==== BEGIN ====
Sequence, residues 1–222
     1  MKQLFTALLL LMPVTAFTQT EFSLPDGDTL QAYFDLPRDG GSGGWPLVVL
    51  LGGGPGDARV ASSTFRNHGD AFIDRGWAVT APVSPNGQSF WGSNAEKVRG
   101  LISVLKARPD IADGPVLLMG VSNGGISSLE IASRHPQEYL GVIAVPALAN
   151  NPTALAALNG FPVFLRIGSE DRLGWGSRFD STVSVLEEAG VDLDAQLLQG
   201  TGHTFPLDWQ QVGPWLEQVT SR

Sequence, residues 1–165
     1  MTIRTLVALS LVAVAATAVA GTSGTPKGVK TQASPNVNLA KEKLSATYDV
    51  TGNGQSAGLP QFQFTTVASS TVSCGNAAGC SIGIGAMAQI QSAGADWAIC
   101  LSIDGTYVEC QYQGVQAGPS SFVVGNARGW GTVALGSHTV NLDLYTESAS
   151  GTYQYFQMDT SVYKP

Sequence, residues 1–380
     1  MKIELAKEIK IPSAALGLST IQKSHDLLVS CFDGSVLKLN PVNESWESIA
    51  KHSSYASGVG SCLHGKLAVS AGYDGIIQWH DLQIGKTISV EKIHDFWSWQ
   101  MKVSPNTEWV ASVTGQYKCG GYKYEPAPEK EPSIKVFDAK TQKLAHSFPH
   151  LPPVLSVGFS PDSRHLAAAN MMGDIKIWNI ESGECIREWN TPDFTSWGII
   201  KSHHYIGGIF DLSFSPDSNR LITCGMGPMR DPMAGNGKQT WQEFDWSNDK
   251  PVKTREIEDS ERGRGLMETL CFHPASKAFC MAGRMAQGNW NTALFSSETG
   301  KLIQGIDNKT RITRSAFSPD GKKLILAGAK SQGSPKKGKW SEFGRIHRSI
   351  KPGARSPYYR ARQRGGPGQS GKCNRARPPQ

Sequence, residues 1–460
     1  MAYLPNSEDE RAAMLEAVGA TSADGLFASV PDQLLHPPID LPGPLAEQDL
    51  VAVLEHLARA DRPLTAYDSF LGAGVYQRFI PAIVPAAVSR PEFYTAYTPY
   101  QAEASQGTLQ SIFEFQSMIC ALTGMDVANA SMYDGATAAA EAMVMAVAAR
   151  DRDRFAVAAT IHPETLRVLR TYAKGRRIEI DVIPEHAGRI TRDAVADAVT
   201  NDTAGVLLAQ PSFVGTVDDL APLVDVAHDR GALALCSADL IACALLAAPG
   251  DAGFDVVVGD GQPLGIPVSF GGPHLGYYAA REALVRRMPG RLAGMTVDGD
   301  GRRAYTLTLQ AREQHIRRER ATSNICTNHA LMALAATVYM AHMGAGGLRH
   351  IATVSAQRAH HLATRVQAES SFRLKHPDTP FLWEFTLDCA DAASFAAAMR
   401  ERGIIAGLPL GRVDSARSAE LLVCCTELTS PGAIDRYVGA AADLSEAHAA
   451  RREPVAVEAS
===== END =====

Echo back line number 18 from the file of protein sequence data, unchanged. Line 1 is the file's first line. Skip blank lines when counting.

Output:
   251  PVKTREIEDS ERGRGLMETL CFHPASKAFC MAGRMAQGNW NTALFSSETG